What would it take? That was the question that Geoffrey Canada found himself asking. What would it take to change the lives of poor children, not one by one, through heroic interventions and occasional miracles, but in big numbers, and in a way that could be replicated nationwide?
The question led him to create the Harlem Children's Zone, a 97-block laboratory in central Harlem where he is testing new and sometimes controversial ideas about poverty in America. His conclusion: if you want poor kids to be able to compete with their middle-class peers, you need to change everything in their livestheir schools, their neighborhoods, even the child-rearing practices of their parents.
Whatever It Takes is a tour de force of reporting, an inspired portrait not only of Geoffrey Canada but of the parents and children in Harlem who are struggling to better their lives, often against great odds. Carefully researched and deeply affecting, this is a dispatch from inside the most daring and potentially transformative social experiment of our time.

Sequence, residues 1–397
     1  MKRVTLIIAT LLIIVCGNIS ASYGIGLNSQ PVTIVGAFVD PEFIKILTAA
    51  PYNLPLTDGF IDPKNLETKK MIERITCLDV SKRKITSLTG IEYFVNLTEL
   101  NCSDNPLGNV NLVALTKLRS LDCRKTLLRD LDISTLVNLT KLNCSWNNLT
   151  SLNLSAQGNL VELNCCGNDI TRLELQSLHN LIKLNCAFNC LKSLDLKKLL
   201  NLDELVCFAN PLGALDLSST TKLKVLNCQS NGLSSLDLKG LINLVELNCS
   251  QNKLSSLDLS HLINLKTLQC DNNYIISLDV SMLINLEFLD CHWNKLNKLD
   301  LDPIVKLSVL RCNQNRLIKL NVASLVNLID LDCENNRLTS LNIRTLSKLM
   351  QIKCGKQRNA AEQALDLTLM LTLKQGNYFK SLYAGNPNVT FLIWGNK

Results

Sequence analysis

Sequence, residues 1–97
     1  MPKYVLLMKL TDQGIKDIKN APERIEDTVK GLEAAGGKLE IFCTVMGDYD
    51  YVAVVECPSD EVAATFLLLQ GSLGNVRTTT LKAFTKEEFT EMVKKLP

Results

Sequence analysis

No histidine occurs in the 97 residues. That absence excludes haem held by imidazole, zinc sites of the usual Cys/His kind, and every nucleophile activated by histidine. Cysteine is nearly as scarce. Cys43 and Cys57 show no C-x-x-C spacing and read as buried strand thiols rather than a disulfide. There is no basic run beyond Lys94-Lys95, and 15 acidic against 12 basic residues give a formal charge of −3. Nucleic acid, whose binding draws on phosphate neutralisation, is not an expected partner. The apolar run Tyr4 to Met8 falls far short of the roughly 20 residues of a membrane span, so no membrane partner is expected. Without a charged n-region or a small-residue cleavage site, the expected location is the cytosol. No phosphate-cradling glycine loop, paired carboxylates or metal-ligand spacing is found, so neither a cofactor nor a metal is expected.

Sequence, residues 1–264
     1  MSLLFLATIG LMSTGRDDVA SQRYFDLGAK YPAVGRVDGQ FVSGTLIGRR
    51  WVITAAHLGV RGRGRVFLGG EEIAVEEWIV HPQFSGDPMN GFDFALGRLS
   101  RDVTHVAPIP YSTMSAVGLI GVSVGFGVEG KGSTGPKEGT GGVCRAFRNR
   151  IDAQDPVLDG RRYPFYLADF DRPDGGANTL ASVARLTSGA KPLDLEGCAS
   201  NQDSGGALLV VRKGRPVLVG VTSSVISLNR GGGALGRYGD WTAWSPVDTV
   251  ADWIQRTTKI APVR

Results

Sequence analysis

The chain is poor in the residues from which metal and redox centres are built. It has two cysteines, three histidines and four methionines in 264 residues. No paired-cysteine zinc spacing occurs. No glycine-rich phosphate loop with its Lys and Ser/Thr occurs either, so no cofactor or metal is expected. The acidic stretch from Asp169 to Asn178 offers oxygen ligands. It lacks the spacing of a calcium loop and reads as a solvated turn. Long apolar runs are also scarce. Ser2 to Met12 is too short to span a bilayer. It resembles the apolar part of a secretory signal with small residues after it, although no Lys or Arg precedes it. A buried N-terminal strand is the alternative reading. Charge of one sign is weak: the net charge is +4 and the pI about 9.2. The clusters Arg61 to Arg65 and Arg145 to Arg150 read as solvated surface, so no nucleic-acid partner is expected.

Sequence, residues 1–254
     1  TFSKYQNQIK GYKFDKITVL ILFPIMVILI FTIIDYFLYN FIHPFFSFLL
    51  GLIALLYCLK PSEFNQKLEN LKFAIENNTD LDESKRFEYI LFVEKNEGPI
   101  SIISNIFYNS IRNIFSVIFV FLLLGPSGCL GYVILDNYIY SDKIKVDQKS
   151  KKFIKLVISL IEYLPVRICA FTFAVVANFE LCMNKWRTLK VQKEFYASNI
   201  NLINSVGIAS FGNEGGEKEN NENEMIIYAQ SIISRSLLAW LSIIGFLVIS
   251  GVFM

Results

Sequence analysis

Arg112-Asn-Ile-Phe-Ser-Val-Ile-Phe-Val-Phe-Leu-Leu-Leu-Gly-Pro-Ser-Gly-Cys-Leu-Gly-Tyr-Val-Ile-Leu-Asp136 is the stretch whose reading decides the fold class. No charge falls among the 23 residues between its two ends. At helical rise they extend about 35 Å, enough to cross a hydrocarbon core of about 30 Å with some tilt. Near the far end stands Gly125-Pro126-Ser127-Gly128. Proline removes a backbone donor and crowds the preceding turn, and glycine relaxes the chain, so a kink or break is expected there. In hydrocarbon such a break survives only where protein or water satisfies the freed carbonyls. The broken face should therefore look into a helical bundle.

©2009 Paul Tough (P)2010 Audible, Inc.
I loved this book. It chronicles Geoffrey Canada's personal experience growing up in a culture that did not always encourage academic success and his professional journey to combat the lack of educational achievement in Harlem. I love that the author also wove into this story a history of the governmental policies and some of the major writings (i.e. "The Bell Curve") on tackling this same issue. Wow- that sounds boring, but it's really not! If you have ever wondered if anything can be done to help the disadvantaged then this book will inspire you. The narrator was a pleasure to listen to as well.
I was interested in issues around poverty and education. I also wanted to know more about the Harlem's Children's Zone. I am glad I listened to this book. I have found myself referencing the ideas in the books and the story has stayed with me. Good read!
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